With the new year brings a fundamental business shift at Peticolas Brewing, at least in weekly operations for the Dallas craft brewer. Rather late to the party, Peticolas debuted their new brewery taproom to an eager public on a crisp and clear mild winter’s evening. Estimates of the crowd ranged from 150-200 thirsty supporters, perhaps more as they continued to cycle in and out all night at the Design District industrial location.


The man himself, Michael Peticolas, missed opening night with a family-imposed quarantine (flu, maybe malaria) but wife Melissa was present, running empty glasses along with the brewery staff just trying to keep up with a crowded bar service. Lines for the tap wall were consistently deep and self-replenishing, patrons retiring with their pints to one of the many social spaces as people continued to stream in the door.

Peticolas may have added that critical mass to make the area a serious nightlife destination.

The taproom is not a new build but a full renovation of the main floor, itself an expansion space Peticolas added a few years ago as a common area adjacent to the production brewhouse. Where once were thrift-store sofas and seating for bimonthly weekend tours now is an attractive, spacious bartop framed in brushed metal and unfinished wood. The small stage that hosted local bands and at least one wedding now opens up as a rolling garage door with counter seating facing the street and that provides cool ventilation for the growing body heat of the bar area.


Although selling only house products, the bar itself is already competitive with many other local craft beer establishments. Seventeen taps were available opening night including nitro pours and a cask offering as well as specials and seasonals. Vintages of kegs held back from previous years were also offered as were a few taproom-only beers, a standard commercial draw for the now-legalized brewery format.

Naturally, the timing of this brewery addition is curious. The State of Texas succumbed to lobby efforts almost two years ago and legalized the on-premise sale of beer that makes taprooms possible. (Off-premise, or package sales, is still being fought in the legislature, with possible success this coming summer session.) Nearby craft brewers Community Beer Company and Noble Rey Brewing (and not too distant Four Corners Brewing) were quick to adapt space for commercial taprooms, and Texas Ale Project designed theirs into their structural build. So why would Peticolas delay opening one until now?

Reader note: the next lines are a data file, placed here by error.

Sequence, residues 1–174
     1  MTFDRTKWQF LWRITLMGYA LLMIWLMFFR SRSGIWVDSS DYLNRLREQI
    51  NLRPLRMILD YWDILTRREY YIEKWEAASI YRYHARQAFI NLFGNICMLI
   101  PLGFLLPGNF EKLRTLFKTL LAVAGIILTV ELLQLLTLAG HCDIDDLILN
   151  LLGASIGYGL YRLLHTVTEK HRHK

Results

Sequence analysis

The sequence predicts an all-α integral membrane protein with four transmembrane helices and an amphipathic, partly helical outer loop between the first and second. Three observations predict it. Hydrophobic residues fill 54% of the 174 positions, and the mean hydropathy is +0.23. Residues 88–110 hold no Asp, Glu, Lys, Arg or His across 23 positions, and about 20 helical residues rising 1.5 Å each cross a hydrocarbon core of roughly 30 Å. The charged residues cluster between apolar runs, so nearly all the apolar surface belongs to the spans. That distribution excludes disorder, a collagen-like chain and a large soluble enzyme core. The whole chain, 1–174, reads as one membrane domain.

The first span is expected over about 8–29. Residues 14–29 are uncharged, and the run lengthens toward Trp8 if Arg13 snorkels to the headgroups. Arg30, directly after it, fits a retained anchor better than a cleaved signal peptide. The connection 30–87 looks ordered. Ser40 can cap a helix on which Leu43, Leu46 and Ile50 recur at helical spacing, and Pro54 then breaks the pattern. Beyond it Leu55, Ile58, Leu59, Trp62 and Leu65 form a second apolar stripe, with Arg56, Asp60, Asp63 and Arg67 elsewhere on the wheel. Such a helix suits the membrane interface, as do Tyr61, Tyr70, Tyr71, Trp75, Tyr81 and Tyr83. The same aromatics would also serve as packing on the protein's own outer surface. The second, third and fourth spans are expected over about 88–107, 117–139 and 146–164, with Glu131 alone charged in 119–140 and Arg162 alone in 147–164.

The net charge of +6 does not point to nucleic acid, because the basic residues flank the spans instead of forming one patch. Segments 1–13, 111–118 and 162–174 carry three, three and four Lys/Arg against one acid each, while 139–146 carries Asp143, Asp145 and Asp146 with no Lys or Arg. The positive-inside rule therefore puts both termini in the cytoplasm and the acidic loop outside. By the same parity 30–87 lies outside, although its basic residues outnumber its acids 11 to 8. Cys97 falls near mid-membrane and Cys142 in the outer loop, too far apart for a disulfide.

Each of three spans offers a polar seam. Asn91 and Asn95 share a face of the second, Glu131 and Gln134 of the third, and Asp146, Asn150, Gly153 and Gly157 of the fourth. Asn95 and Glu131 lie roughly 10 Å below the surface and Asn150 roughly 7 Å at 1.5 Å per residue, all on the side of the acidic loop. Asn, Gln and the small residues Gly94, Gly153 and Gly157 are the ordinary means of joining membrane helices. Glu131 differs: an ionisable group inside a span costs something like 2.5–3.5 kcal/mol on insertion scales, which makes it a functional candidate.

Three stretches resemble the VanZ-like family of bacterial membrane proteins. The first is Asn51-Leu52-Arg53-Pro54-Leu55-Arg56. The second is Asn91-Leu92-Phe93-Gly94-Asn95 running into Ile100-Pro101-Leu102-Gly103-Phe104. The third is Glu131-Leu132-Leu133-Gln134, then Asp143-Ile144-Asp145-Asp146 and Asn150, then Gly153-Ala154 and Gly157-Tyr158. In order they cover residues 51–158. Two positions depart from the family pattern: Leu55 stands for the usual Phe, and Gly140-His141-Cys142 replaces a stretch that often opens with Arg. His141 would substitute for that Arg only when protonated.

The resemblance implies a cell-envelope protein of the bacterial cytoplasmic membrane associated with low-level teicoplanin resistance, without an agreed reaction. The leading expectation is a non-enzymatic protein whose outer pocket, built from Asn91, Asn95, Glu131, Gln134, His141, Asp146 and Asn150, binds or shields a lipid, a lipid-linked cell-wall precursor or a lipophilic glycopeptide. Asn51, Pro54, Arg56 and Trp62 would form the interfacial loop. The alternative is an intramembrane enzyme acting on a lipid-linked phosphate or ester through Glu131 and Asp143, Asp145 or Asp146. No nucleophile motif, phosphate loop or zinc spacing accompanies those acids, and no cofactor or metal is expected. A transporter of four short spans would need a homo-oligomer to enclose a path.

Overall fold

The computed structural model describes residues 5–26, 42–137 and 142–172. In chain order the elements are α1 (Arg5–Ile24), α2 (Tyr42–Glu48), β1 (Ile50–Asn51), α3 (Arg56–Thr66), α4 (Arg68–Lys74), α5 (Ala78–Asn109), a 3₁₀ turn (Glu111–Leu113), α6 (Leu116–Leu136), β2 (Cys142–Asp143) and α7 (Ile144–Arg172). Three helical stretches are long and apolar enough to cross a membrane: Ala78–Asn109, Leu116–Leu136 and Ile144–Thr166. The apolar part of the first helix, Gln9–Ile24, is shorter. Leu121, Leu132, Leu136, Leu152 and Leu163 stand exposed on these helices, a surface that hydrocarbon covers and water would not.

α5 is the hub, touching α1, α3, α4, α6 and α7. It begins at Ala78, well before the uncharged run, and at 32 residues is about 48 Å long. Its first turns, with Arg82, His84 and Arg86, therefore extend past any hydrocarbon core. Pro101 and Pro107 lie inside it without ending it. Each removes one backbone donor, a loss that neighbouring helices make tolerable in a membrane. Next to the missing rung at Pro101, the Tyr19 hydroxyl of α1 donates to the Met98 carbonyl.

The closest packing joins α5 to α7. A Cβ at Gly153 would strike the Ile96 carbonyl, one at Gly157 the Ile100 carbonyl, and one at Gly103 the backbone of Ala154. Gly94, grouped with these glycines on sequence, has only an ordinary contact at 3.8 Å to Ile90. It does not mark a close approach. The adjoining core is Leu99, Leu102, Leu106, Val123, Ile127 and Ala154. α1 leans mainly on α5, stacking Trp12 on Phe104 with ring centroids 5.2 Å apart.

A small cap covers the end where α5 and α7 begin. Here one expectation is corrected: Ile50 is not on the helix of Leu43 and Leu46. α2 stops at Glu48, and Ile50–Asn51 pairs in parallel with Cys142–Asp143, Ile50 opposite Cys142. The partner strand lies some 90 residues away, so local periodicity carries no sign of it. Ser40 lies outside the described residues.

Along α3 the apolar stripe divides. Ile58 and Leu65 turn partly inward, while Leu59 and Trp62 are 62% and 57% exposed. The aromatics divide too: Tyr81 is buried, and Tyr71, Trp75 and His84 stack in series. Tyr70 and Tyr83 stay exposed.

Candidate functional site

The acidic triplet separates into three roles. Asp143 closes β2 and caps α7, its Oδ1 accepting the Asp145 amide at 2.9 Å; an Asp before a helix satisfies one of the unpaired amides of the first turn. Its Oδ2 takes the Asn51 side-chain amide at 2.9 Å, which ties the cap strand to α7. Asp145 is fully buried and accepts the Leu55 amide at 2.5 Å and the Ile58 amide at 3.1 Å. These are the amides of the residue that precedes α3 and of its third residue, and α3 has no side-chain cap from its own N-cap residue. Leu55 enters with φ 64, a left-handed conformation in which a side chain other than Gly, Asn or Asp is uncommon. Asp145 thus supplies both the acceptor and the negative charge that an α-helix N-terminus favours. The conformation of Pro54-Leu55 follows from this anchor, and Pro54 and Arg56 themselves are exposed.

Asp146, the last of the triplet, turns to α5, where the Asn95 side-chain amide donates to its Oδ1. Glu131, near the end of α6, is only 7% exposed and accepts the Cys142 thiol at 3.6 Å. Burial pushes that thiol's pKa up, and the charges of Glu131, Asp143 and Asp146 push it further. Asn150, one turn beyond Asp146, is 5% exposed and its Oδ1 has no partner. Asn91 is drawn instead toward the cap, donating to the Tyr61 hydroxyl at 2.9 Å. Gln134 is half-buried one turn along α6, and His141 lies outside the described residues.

The answer is that Michael Peticolas may be suffering from the plague but he is certainly no fool. He has always built, run and expanded his brewery operations very conservatively and deliberately, answering to no investors and taking his time with a focus on quality and slow, reliable growth. (His beers still are not packaged.) The craft brewing industry is now mature enough that the brand is as much a consideration as the product sold, that breweries must husband their name as much as they do their products. Peticolas has created his own worth simply by his choice not to follow development opportunities that his competitors have—a risk, to be sure, but it worked for Apple. His success is demonstrated by Peticolas’ almost rock-star following among North Texas consumers.

The bimonthly Saturday tours will continue as scheduled for now, most likely to be folded into taproom operations eventually. The old brewery bar and production floor are closed off to the public with the remodel, but the new taproom offers plenty of space and sights other than stainless steel tanks and sacks of grain. The bar itself opens with limited hours, running Thursday and Friday evenings and most of the day on weekends through Sunday. The operations will likely be modified once a routine is established and sales determine how to best accommodate the visiting public.